Saturday, July 31, 2021

The Case of the Velvet Claws

image from Wikipedia

I recently watched the new HBO Perry Mason series, and that sent me to the original Raymond Burr series (found at IMDb TV). Then I realized I'd never read the original books and found the first one online, or you can listen to it at the bottom of this post. The Case of the Velvet Claws is by Erle Stanley Gardner. It begins,
Chapter 1

Autumn sun beat against the window.

Perry Mason sat at the big desk. There was about him the attitude of one who is waiting. His face in repose was like the face of a chess player who is studying the board. That face seldom changed expression. Only the eyes changed expression. He gave the impression of being a thinker and a fighter, a man who could work with infinite patience to jockey an adversary into just the right position, and then finish him with one terrific punch.

Book cases, filled with leather-backed books, lined the walls of the room. A big safe was in one corner. There were two chairs, in addition to the swivel chair which Perry Mason occupied. The office held an atmosphere of plain, rugged efficiency, as though it had absorbed something of the personality of the man who occupied it.

The door to the outer office opened, and Della Street, his secretary, eased her way into the room and closed the door behind her.

“A woman,” she said, “who claims to be a Mrs. Eva Griffin.” Perry Mason looked at the girl with level eyes.

“And you don’t think she is?” he asked.

She shook her head.

“She looks phony to me,” she said. “I’ve looked up the Griffins in the telephone book. And there isn’t any Griffin who has an address like the one she gave. I looked in the City Directory, and got the same result. There are a lot of Griffins, but I don’t find any Eva Griffin. And I don’t find any at her address.”

“What was the address?” asked Mason.

“2271 Grove Street,” she said.

Perry Mason made a notation on a slip of paper.

“I’ll see her,” he said.

“Okay,” said Della Street. “I just wanted you to know that she looks phony to me.”

Della Street was slim of figure, steady of eye; a young woman of approximately twenty-seven, who gave the impression of watching life with keenly appreciative eyes and seeing far below the surface.

She remained standing in the doorway eyeing Perry Mason with quiet insistence. “I wish,” she said, “that you’d find out who she really is before we do anything for her.”

“A hunch?” asked Perry Mason.

“You might call it that,” she said, smiling.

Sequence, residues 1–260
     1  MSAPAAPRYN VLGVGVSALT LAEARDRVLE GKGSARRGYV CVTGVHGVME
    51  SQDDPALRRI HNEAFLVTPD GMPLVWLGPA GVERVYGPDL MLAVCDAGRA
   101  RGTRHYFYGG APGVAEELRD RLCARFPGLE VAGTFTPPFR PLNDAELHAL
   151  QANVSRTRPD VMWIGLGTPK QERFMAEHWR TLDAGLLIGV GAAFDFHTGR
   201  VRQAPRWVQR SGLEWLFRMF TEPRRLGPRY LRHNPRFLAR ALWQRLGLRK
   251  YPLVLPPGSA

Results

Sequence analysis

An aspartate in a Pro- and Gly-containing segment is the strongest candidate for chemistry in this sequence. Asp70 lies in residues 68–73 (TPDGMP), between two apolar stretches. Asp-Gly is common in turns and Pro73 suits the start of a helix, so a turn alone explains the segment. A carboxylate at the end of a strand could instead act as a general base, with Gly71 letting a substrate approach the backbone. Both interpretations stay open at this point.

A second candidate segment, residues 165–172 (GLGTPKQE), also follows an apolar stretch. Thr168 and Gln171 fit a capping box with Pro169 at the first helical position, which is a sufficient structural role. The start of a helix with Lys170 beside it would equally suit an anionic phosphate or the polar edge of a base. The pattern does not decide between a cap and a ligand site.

Perry Mason nodded. His face had not changed expression. Only his eyes had become warily watchful.

“All right, send her in, and I’ll take a look at her myself.”

Della Street closed the door as she went out, keeping a hand on the knob, however. Within a few seconds, the knob turned the door opened, and a woman walked into the room with an air of easy assurance.

She was in her early thirties, or perhaps, her late twenties—well groomed, and giving an appearance of being exceedingly well cared for. She flashed a swiftly appraising glance about the office before she looked at the man seated behind the desk.

“Come in and sit down,” said Perry Mason.

She looked at him then, and there was a faint expression of annoyance upon her face. ...

Friday, July 30, 2021


Viridiana is a 1961 Spanish-Mexican film directed by Luis Bunuel. It won the Palme d'Or. I watched it on Youtube, but it's not there any more. In fact I can't find it available free-to-me in English anywhere.

This trailer has had playback blocked on other platforms, but you can click "watch on Youtube" and watch the trailer there:

It's included in the book 1001 Movies You Must See Before You Die. The Guardian has a positive review. Roger Ebert has it on his list of Great Movies. Rotten Tomatoes has a critics consensus score of 96%.

Thursday, July 29, 2021

A Passion in the Desert

A Passion in the Desert is a short story by Honore de Balzac. It is told in the first person, with the narrator being the teller of the story. You can read it online in English translation at the links here or here or listen to it read to you at the bottom of this post. The audio book uses a different translation. It begins,